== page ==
I sat down to my laptop intending to write about my stressful morning – perhaps you can relate – but when I tried to come up with a title that was properly blog-positive for what was basically going to be a rant about other parents, I found myself stuck. I discarded words like hate, frustration, grr, colossal idiots, and started rethinking from the positive: finding peace, enforced relaxation, mom time out… and wow. My actual mood changed. Then I recalled the phrase “take a chill pill” that I haven’t used since I was probably ten. I suddenly understood what those words really meant – take a sedative, you are overwrought, and I thought, I used to say this when I was in second grade? Horrific thought, how slang filters down into the mouths of the young. Like “sucks” as in “life sucks” or “this meal sucks mom” – I remember my mother being aghast that I would say such a thing. But then, I wasn’t saying what she thought I was saying. I was just using a word. I bet you say it too, and your kids likely as well. We don’t think about the words we use in conversation. They’re placeholders. But when we write, they have evocative power.

The power of words.
See? and now all the parenting stress that was tightening my neck and shoulders is gone. Vanished. I’m in the land of words. It’s amazing what power words have.

but I just re-read the beginning of this blog and want to talk about this concept of thinking from the positive.

I had an acting teacher back before having kids (I’m from the pleistocene era, originally) and she used to tell us to find positive motivation for our characters. When she used the word positive she didn’t mean smiley-face, she meant active. Characters with negative motivation “I don’t want to be stuck at home all day” or “I don’t want to eat that for dinner” are characters we hate. They’re basically whiners. Turn it around “I want to travel more” or “I want spicy food” and we have characters that are tolerable. Make the desire specific, “I want to go to Thailand and climb the face of a god,” or “I want to try a ghost pepper omelette,” and we are dying to see what will happen.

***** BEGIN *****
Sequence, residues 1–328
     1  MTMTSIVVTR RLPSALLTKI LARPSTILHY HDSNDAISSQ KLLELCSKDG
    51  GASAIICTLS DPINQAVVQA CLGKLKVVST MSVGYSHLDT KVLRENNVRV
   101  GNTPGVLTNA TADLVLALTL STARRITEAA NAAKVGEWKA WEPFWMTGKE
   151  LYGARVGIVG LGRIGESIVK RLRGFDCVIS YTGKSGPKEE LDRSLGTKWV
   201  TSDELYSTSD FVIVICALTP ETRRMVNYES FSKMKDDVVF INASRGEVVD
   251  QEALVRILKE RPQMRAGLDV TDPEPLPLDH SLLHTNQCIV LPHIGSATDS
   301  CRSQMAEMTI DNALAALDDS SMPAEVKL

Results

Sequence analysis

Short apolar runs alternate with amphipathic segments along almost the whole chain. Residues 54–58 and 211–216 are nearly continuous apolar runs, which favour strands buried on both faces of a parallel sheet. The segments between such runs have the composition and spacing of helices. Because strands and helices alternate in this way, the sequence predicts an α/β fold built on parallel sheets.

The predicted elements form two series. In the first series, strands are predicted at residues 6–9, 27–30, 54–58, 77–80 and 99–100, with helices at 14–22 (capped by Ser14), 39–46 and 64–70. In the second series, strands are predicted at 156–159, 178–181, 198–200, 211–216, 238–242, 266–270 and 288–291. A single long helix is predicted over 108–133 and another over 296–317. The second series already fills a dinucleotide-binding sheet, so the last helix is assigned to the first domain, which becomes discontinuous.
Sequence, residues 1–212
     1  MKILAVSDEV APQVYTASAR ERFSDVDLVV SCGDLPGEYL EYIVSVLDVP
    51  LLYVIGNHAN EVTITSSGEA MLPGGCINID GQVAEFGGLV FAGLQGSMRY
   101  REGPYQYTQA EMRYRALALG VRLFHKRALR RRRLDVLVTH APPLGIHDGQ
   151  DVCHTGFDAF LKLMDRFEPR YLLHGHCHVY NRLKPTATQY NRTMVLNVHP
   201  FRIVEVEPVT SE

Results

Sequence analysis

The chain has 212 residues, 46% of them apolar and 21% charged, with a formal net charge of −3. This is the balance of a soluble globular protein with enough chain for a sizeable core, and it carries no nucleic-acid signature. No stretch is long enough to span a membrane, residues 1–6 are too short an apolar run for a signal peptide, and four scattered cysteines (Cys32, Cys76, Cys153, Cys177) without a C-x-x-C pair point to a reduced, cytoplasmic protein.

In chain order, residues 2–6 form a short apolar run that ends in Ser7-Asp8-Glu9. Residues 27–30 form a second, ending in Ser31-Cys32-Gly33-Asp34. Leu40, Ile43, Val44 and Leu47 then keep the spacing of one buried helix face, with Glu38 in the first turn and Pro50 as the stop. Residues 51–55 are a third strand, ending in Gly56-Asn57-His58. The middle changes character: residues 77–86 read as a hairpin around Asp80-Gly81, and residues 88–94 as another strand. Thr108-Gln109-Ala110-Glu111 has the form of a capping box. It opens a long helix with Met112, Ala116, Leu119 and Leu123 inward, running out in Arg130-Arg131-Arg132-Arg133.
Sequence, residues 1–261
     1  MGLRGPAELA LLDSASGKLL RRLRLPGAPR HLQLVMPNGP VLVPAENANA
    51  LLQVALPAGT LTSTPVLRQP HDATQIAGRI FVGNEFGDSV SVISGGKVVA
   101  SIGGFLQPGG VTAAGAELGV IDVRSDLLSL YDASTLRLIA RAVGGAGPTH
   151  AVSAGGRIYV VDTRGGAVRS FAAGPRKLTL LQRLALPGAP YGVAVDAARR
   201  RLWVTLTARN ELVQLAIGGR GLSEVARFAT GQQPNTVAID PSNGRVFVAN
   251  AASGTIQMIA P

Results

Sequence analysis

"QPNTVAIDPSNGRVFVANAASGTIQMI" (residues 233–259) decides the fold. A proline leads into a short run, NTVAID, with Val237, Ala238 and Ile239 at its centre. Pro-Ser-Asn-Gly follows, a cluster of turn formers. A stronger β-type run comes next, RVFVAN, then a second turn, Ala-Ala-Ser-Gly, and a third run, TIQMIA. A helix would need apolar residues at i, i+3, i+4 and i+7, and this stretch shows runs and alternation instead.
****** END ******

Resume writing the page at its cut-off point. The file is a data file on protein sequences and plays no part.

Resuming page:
Crazy isn’t it? I didn’t even know that until I just typed it.
Writing is awesome. I really was in this preposterously stuck mood when I sat down here. I had rushed to get my first-grader to school on time and we were going to make it — barely — but we ran into some twins she knows and the girls walked together and I felt the clock turn to mush. I couldn’t get her away – the girls were sweetly hugging and giggling and all I could think was “oh god, they’re going to make her late and they’ll get into Harvard because their parents who are both here and both dressed in Gucci will simply buy their way in, meanwhile my daughter will have her attendance record checked and it will be obvious from her first grade records that she has a tendency to arrive to school tardy – and she will have to go to a tiny community college in Appalachia. If they let her in.” The designer parents told my daughter to wait for their daughter (one twin shares a class with her) and so my daughter did. While the parents removed their D&G sunglasses and hugged first one twin, then the other, then “hey! what about my kiss!” then same for the other. And my inner clock was covered in oozing taffy, the second hand was moving like a superhero and the bomb was going to go off anyway. My daughter went upstairs three minutes late, with two giggly happy girls on either side of her, and I went home gnashing my teeth at…what? at family love? At joy?
It reminded me of the reason I finally applied to grad school. I’ll tell you about it next week.
For now, keep your characters active.
Make their motivations positive: Susan wants X.
And specific. Susan wants capital X in courier font, 12 point type.
Get to work!